At first, students in Uganda appear to be very shy. It seems difficult to get them to share their views. They are simply not used to adults being interested in what they think. But as soon as they realise that it is allowed to ask questions and nobody will punish them or laugh when they share their ideas, it is amazing how active these formerly intimidated children become. And their thoughts are often very interesting. In Kivulu Primary School, corporal punishment was obviously applied on such a regular basis that it became normal to pupils, and they did not even consider it as something wrong or frightening.
Nonetheless, they fast came up with various ideas for alternative disciplining methods like writing an apology letter or doing physical work. However, some pupils preferred being caned to alternatives like cleaning toilets. Considering the condition of the school toilets, that is not surprising. One wonders, however, whether corporal punishment serves its purpose if pupils do not care much about being caned anymore.
Listening and talking to pupils is very important, but training teachers is necessary as well. The teachers of Kivulu Primary School welcome the initiative of Joy for Children. Most of them admitted that they applied corporal punishment regularly, but some of them simply did not know which alternative methods to use. However, some teachers are unwilling to change their methods. They are convinced that caning is necessary to instil discipline in children, and they are afraid that they will not be able to handle their huge classes of 100 children and more without their stick.
Having collaborated with more than 80 schools, social workers from JFC have gained rich experience in introducing positive discipline in schools. While most of the pupils enthusiastically embrace the idea of a “violent-free school”, some teachers complain that pupils threaten them with the police if they continue with caning, and especially the older pupils became arrogant. Teachers feel disempowered. Yet, abolishing corporal punishment does not mean that there won’t be any consequences for misbehaviour at all. Child rights constitute only one side of the coin, responsibilities are their counterpart. The social workers emphasise the importance of explaining to children what is wrong and why. Rather than caning pupils whenever they open their mouth or perform badly in exams, it is better to teach them how to improve.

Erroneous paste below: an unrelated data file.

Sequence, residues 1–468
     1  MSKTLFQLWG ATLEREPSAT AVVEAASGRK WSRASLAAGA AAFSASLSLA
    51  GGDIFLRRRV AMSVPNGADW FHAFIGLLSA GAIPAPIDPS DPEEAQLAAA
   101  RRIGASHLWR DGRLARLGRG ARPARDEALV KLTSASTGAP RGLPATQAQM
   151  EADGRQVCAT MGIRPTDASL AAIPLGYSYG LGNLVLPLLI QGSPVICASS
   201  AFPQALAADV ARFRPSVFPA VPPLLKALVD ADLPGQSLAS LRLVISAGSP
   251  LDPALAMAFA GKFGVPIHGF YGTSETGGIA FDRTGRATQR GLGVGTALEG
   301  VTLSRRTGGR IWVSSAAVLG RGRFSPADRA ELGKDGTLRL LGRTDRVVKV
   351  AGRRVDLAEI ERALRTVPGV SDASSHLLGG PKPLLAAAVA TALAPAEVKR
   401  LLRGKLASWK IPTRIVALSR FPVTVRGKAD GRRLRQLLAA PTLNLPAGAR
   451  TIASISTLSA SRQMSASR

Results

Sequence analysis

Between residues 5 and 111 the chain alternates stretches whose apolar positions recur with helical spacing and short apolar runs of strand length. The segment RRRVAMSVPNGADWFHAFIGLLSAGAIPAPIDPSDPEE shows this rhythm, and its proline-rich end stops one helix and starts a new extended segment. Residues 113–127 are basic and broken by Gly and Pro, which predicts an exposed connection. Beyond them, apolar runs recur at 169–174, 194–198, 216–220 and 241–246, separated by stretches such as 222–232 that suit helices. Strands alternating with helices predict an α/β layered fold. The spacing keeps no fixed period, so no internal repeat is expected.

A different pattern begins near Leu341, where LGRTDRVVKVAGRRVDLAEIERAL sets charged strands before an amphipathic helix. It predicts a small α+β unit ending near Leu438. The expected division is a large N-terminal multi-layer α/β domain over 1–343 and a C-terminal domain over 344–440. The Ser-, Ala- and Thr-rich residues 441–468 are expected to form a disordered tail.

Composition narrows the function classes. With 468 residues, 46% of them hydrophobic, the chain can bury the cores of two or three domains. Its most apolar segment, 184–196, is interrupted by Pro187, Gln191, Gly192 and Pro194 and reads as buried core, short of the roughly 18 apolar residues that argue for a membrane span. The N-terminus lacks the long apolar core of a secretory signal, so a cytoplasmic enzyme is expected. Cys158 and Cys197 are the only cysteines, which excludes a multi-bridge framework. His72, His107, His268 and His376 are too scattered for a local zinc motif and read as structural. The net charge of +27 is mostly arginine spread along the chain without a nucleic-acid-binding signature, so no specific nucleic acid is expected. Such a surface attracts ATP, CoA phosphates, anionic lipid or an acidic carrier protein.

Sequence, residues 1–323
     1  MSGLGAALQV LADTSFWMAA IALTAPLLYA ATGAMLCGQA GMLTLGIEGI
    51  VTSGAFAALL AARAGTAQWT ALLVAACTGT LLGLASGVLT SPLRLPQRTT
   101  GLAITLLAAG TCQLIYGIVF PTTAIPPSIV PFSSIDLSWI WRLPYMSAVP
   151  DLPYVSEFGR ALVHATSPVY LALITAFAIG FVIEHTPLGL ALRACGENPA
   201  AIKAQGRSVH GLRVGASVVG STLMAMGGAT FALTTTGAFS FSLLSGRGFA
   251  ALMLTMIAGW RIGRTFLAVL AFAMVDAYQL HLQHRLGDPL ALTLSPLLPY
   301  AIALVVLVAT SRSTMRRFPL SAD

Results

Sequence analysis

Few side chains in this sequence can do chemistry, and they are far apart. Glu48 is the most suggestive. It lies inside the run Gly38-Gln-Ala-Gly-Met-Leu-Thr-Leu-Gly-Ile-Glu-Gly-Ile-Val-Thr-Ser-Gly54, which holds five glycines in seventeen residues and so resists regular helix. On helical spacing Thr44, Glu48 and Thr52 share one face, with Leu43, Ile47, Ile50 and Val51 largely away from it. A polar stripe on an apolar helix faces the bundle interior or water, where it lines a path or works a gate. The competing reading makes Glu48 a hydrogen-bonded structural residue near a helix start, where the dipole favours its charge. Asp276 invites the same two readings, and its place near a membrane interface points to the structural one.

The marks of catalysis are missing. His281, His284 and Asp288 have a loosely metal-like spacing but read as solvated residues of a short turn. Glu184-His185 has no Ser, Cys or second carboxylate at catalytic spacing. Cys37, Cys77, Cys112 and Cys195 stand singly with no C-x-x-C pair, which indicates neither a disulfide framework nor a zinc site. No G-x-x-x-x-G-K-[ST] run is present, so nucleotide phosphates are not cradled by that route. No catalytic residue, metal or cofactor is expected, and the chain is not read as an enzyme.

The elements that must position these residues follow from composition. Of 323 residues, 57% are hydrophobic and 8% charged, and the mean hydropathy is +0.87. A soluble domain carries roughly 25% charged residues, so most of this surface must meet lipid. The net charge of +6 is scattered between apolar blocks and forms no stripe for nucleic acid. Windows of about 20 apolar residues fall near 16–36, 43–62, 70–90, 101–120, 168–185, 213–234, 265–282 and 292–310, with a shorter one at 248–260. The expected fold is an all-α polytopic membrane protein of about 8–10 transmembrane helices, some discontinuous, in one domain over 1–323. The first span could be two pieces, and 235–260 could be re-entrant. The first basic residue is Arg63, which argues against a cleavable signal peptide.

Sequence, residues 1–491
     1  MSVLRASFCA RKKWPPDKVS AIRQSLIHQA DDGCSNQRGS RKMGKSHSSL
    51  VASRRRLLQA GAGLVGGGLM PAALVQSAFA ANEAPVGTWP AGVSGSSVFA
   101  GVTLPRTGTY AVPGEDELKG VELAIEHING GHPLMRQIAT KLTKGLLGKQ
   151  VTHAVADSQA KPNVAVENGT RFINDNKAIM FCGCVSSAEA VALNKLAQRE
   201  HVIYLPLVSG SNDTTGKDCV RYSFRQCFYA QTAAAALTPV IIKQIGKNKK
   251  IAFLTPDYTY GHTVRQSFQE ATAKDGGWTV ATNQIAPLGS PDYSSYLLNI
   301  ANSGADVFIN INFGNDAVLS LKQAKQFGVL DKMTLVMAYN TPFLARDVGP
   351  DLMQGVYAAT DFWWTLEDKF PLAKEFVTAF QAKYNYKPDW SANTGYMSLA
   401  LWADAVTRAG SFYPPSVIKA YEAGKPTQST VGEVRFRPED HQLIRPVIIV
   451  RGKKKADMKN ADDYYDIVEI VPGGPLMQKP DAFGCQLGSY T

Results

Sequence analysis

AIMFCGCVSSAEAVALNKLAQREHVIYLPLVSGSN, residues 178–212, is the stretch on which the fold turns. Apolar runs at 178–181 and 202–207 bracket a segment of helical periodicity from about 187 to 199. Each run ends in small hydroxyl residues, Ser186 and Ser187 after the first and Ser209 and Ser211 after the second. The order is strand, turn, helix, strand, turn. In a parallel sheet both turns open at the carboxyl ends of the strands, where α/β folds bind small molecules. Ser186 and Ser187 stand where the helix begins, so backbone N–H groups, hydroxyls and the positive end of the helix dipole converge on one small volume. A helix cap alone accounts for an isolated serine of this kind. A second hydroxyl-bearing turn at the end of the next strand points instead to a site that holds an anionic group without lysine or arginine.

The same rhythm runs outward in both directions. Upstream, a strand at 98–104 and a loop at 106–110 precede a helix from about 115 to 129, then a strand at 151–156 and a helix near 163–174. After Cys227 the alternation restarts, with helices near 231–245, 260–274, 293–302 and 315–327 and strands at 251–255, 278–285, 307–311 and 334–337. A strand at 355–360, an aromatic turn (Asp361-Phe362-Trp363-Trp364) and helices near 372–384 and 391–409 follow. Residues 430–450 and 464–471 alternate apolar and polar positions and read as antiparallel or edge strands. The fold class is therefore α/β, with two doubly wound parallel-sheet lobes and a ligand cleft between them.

For many pupils it is harder to write the lines of an apology letter than bearing the stick for a few minutes – but they actually learn something, including how to write properly. This is meant by “positive discipline”. Another way of involving pupils in learning and at the same time increasing their participation in decision-making processes is the establishment of so called pupils’ committees. These committees consist of children who have been selected by teachers and fellow pupils. They act as children’s courts deciding how to deal with pupils who continuously misbehave. In each of the schools JFC is working with, such committees have been founded, but of course their success depends on the level of support given by teachers.
It is nice to see how schools change when pupils are aware of their rights and teachers are willing to adopt new methods. An evaluation conducted by JFC showed that the relationship between pupils and teachers significantly improves. Trusting teachers is particularly important for vulnerable children who are more likely to drop out of school, even before completing primary education. Amongst other measures like introducing counselling and guidance, the replacing of corporal punishment by positive discipline has contributed to decreased dropout rates in the schools JFC is collaborating with.
However, there still is a long way to go until the new law will be fully implemented. And it is insufficient to prohibit corporal punishment in schools only. Some teachers complain that as long as children are still beaten by their parents, things will never change. At home, parents face the same challenges teachers do in school – in families with up to 13 children it is hard to establish a strong bond to each child, explaining always why certain rules are necessary. When parents are overwhelmed, beating seems to be the easier way. With a fertility rate of 5.8 in 2016 (CIA World Factbook), Uganda has one of the highest population growth rates worldwide.
Nonetheless, positive changes are taking place in a visible manner. To enhance progress, it will be important both to maintain the momentum and to strengthen the efforts aimed at ending corporal punishment in schools and homes. More positive role models such as the above mentioned head teacher is what Uganda’s schools need. Inspiring others by demonstrating them the positive effects of alternative disciplining methods can have a tangible impact.
Moses Ntenga is the executive director of the NGO Joy for Children Uganda in Kampala.
Angelina Henrich is a social worker who volunteers at Joy for Children Uganda.
Global Initiative to End All Corporal Punishment of Children:
This story was first published on https://www.dandc.eu/en/article/uganda-non-governmental-organisation-wants-convince-school-teachers-not-punishing-pupils